One historic image burned into our collective American psyche is of George Wallace, the governor of Alabama, in June 1963 standing in the doorway of the University of Alabama blocking two black students from registering for college.
Few doubted that Wallace was an avowed segregationist. He would have been the first to admit it.
His name throughout the ‘60s and ‘70s was synonymous with racism and the so-called “Southernizing of this country.” Folks either stood behind him or vehemently opposed him.
How and why George Corley Wallace came to polarize this country on race issues is the purpose of TNT’s intelligent biography “George Wallace,” Sunday and Tuesday at 5, 7 and 9.
Gary Sinise steps into the role of Wallace, showing us the man’s complexities, including his deliberate decision to become a segregationist. (Early in Wallace’s career, he was supported by liberal groups such as the NAACP and the ACLU.)
Through flashbacks and black-and-white footage (of mostly his speeches), Wallace abandons his early populist opinions and chooses segregation to gain power. It’s a Faustian bargain that plagued him throughout his career.
Director John Frankenheimer (“The Manchurian Candidate”) uses black-and-white images to give the film urgency and immediacy. The script never embarrasses. Rather, it tries to explain Wallace’s shortcomings.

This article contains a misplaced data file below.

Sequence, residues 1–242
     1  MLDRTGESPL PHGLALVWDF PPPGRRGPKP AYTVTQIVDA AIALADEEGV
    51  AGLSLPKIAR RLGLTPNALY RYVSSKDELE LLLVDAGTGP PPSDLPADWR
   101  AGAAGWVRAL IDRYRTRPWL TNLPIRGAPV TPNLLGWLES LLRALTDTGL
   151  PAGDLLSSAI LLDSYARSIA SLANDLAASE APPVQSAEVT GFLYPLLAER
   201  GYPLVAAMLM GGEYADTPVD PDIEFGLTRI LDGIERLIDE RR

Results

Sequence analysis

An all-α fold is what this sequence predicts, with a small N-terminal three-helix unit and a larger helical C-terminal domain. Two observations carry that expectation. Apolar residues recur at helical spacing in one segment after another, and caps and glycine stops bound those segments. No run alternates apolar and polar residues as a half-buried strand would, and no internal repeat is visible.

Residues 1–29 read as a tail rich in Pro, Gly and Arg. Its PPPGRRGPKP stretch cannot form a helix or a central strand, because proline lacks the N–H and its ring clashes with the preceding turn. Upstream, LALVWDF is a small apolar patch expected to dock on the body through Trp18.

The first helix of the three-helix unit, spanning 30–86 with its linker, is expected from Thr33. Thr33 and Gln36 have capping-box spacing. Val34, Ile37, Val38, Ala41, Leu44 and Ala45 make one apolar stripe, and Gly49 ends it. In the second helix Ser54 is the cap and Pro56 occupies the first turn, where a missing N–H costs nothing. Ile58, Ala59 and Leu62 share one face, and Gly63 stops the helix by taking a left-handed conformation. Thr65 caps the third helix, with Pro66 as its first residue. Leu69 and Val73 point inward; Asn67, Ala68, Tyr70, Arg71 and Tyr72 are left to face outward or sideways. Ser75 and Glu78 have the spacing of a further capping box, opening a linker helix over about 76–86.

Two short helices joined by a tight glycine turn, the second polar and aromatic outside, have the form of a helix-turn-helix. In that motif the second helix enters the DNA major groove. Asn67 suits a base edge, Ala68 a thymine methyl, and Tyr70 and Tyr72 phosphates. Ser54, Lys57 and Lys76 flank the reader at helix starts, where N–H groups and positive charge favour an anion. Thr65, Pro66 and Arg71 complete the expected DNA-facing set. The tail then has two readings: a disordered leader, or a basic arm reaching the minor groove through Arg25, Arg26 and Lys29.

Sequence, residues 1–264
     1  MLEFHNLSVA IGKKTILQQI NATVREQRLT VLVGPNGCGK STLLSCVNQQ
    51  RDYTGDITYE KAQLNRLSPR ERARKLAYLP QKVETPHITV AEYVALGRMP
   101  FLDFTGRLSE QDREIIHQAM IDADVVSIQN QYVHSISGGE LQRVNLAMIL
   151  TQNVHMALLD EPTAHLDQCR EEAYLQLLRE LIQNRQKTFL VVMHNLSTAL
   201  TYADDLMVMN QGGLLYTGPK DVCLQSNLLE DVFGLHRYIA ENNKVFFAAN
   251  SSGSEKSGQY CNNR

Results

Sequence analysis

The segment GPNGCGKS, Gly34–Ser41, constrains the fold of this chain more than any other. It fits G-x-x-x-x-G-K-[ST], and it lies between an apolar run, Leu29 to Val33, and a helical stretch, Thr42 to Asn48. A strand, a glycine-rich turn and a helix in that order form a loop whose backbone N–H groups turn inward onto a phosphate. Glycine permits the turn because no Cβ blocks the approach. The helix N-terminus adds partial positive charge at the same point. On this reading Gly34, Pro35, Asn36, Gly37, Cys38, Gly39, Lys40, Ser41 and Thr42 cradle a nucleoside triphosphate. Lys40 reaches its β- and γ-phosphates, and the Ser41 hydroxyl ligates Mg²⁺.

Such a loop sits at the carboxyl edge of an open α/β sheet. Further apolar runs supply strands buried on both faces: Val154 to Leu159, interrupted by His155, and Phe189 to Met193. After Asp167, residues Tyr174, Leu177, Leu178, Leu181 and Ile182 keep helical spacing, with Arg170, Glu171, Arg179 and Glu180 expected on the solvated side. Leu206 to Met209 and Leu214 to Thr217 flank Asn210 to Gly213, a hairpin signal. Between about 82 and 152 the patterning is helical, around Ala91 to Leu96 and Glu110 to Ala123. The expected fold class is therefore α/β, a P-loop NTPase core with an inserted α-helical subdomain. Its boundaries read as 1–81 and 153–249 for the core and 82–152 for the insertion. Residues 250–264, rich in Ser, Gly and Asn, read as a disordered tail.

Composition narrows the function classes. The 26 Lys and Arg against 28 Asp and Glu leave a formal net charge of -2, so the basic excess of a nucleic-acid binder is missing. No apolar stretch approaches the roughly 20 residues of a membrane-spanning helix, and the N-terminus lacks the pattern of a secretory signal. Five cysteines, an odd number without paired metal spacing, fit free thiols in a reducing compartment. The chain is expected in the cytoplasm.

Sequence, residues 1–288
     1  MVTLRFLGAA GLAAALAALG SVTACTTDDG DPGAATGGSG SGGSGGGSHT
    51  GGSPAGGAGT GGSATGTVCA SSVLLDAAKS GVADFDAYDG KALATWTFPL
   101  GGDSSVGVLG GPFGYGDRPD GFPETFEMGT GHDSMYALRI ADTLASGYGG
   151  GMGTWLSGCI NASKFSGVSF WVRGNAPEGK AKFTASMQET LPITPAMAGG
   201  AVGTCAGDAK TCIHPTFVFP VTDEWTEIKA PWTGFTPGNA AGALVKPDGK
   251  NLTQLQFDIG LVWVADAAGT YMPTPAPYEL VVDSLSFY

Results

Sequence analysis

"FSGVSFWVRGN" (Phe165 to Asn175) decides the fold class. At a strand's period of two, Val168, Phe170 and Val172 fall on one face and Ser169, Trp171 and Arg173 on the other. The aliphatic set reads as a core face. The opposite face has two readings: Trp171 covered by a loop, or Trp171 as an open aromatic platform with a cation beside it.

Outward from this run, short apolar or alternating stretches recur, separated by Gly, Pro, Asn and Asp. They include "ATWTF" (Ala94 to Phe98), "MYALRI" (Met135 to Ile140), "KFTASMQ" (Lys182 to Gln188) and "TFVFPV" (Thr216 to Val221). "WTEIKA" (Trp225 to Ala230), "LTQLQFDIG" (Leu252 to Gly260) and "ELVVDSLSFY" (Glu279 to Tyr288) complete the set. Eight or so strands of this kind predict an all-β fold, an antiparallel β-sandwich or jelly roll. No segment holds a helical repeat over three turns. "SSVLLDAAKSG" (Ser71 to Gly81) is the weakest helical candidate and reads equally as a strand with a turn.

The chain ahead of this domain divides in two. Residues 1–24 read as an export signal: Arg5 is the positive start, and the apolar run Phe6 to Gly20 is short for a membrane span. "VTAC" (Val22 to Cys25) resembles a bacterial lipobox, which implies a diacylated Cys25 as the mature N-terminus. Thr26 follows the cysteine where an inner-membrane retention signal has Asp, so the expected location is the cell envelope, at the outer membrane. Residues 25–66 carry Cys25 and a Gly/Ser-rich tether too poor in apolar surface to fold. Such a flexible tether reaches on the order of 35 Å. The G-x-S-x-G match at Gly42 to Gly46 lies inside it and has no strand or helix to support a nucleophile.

My only complaint is why the writers fabricated the character of a black prisoner (Clarence Williams III) who is employed at the governor’s mansion as a domestic. His character is supposed to deliver the black point of view.
Couldn’t that have been done by using actual folks?
“A Time to Heal” (1994), NBC tonight at 9: Nicollette Sheridan plays a young mother who suffers a stroke during delivery of her second child. Left partially paralyzed and unable to speak, she becomes bitter and withdrawn before waging a fight to recover. This is an inspirational, true story.
“The Last of the Mohicans” (1992), ABC Sunday at 8:30: This film adaptation of James Fenimore Cooper’s tale is mesmerizing with its honest portrayal of the war between the French and British in 18thcentury North America. The action is set against a touching love story between a white man adopted by the Mohicans (Daniel Day-Lewis) and the daughter of a British officer (Madeleine Stowe).
“The Beast” (1996), NBC Sunday and Monday at 9: You remember this two-part underwater drama. It was NBC’s fishing expedition to reel in viewers with claws rather than jaws.
Peter Benchley, author of “Jaws,” concocted the notion that a squid, seemingly the size of Long Island, N.Y., with razor-sharp claws, can shred boats, eat humans and tear apart a baby sperm whale faster than you can say, “Holy calamari!”
“Rugrats,” NIK tonight at 8: This weekend, the animated show kicks off a new season with two segments. One titled “Spike’s Babies” has the wild-eyed toddlers trying to find out why Tommy’s dog, Spike, keeps making trips under the house. Could it be “aliebs?” In the other segment, Chuckie comes down with “chicken pops,” and Angelica persuades the diaper-clad gang that their friend is about to turn into a chicken.
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